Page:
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Farrakhan Seeks Approval For Large Libyan Donation

By Michael A. Fletcher
The Washington Post
WASHINGTON

Nation of Islam leader Louis Farrakhan has asked the Treasury Department for permission to accept a $1 billion donation from Libya, a gift he says should be allowed because it will be used to rebuild the black community's tattered economic fabric.

Farrakhan formally applied last week to the department's Office of Foreign Assets Control, seeking its approval for him to accept donations from Libya, one of several countries under sanctions limiting travel and business transactions by U.S. citizens.

The donation from Libya could be the first of several offered to Farrakhan from nations "friendly and not-so-friendly" to the United States, said the Rev. Benjamin F. Chavis Jr., an ally of the Nation of Islam leader.

Countries that fall under U.S. sanctions include Libya, Sudan, Iran and Iraq, all of which were visited by Farrakhan during a controversial world tour he made just months after leading last October's Million Man March in Washington. During Farrakhan's tour, it was reported that Libyan leader Moammar Gadhafi had pledged $1 billion to Farrakhan to use toward mobilizing blacks and other "oppressed" minorities in the United States.

Since then, Farrakhan has been working to find a legal way to accept that money, said Chavis, head of the National African- American Leadership Summit.

"As a result of the Million Man March, which was seen all over the world, people have been inspired and wanted to know if contributions could be made to promote the economic empowerment of our communities," Chavis said. "So over the past 10 months, we have been working to establish legal procedures to achieve those objectives."

Chavis said that during a recent trip, which included stops in China and Egypt, he met with individuals interested in making large contributions to build on the economic and political empowerment goals talked about during the march.

Chavis described Marion Harris, the North Carolina businessman named as Farrakhan's agent on the Treasury Department application, as a lifelong friend and board member of NAALS, the organization Chavis launched in conjunction with the Million Man March.

"NAALS works in direct cooperation with the Nation of Islam, and whatever is being done needs to be seen in the context of the Million Man March," Chavis said.

Word of Farrakhan's application already has provoked a heated response from Rep. Peter T. King, a New York Republican who successfully pressed for congressional hearings following Farrakhan's tour.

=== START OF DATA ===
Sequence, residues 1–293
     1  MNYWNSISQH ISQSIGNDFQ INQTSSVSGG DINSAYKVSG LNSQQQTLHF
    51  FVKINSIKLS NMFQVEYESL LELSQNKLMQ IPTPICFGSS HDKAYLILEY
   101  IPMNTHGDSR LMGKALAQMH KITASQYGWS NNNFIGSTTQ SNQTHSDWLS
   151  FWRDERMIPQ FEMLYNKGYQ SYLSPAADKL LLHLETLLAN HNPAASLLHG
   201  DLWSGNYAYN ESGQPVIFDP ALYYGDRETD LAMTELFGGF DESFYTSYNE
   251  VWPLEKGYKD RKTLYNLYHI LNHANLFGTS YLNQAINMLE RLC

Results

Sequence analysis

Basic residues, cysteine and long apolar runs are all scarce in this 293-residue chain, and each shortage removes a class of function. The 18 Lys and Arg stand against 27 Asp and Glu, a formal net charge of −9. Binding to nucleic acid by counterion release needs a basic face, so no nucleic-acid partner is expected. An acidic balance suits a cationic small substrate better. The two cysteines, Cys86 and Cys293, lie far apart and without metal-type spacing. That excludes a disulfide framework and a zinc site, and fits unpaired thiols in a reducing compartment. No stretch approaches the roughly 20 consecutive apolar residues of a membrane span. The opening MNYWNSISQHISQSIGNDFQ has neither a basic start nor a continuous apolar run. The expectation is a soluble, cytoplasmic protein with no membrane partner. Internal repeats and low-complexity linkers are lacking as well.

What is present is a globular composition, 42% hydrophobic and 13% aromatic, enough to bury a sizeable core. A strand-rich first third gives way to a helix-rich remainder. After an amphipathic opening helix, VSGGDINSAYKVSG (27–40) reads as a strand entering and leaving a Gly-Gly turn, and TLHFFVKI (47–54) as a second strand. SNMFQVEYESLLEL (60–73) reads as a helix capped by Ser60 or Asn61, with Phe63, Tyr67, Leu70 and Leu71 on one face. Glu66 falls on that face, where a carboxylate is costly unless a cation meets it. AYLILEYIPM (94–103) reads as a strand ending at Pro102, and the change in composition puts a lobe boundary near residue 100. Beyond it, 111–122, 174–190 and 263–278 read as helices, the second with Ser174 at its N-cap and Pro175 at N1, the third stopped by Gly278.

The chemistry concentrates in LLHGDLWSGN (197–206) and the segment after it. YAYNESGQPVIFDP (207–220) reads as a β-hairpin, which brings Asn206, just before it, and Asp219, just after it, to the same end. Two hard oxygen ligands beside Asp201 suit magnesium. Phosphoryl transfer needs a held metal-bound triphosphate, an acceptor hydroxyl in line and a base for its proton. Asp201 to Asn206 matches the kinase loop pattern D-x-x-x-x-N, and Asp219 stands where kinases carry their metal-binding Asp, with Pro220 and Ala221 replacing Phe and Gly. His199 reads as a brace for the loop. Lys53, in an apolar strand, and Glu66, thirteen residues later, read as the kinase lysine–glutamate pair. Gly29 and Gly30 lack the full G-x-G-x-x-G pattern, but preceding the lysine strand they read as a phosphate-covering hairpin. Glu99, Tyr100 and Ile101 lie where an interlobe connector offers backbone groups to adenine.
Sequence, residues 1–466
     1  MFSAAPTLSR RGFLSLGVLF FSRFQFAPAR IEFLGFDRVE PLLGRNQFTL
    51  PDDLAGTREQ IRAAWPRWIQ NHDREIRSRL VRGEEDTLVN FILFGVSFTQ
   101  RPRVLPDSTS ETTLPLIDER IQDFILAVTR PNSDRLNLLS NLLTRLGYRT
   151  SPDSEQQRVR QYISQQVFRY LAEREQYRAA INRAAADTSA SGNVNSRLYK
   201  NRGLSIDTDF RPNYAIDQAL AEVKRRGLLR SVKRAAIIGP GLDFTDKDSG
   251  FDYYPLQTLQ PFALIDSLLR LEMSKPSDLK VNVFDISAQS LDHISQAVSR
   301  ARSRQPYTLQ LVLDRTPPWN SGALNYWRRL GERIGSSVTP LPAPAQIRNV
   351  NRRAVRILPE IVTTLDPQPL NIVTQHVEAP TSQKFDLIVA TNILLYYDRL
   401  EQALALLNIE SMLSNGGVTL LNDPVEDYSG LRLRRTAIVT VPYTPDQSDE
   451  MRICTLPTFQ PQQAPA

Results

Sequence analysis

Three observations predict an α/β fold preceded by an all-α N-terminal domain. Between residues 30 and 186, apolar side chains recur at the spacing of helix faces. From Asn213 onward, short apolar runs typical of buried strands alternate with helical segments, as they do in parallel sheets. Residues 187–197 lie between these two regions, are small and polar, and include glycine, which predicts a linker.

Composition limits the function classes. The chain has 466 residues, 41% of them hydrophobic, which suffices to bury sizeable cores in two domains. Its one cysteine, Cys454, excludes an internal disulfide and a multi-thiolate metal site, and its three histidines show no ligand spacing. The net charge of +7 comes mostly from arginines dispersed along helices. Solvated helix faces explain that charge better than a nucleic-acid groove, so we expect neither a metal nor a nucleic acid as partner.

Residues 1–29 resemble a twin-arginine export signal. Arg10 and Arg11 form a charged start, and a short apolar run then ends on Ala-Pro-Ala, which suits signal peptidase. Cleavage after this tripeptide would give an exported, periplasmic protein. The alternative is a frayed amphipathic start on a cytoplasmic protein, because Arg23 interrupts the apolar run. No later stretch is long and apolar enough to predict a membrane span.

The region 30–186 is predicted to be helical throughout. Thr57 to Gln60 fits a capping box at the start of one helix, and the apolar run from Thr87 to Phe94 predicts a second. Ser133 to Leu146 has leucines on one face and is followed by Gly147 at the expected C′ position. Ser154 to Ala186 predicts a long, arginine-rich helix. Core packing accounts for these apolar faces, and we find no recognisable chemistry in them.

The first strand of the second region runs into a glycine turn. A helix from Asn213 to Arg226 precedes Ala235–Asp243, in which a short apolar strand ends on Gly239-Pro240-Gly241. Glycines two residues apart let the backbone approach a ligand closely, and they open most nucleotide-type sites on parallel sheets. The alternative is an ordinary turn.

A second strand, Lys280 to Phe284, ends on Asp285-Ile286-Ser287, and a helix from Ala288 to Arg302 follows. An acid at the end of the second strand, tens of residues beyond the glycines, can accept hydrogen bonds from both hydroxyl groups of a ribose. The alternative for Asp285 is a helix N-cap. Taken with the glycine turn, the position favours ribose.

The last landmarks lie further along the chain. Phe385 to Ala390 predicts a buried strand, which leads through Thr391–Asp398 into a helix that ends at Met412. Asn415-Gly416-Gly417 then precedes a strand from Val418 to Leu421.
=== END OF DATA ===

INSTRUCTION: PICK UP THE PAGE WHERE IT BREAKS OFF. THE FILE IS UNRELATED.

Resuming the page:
In letters to several Cabinet officials, including Treasury Secretary Robert E. Rubin, King said "the federal government must do all in its power to discourage this evil alliance between America's most vicious hatemonger and the Middle East's most bloodthirsty terrorist dictator."

Treasury officials would not comment directly on Farrakhan's application. But rules against doing business with Libya and other outlaw states are aimed at preventing economic benefits from flowing to so-called terrorist nations, which would not necessarily prevent the gift from being approved.

While King and others denounce Gadhafi as a terrorist, Farrakhan describes the Libyan leader as a friend who has been smeared by the U.S. government.

In a speech before the National Association of Black Journalists last week, Farrakhan said he was planning to travel to Libya again this week, where he is to be honored with a $250,000 humanitarian award from Gadhafi. Past winners of the award include South African President Nelson Mandela.

Last week, Farrakhan also said a donation from Libya should be allowed because the Nation of Islam is not "un-American" and the donation would go toward humanitarian purposes.

Farrakhan has been the recipient of aid from Gadhafi in the past. During the mid-1980s, the Libyan leader made a $5 million loan to the Nation of Islam to launch a line of personal care products that now is sold mostly by Nation of Islam vendors.

If Farrakhan is successful in collecting on the pledges from Gadhafi and others, the money is likely to be deposited in black and Hispanic run banks and invested with minority-run brokerage firms and in minority businesses, Chavis said.

"We salute the efforts of the Nation of Islam to attract charitable contributions to aid the spiritual and economic development of our communities," Chavis said.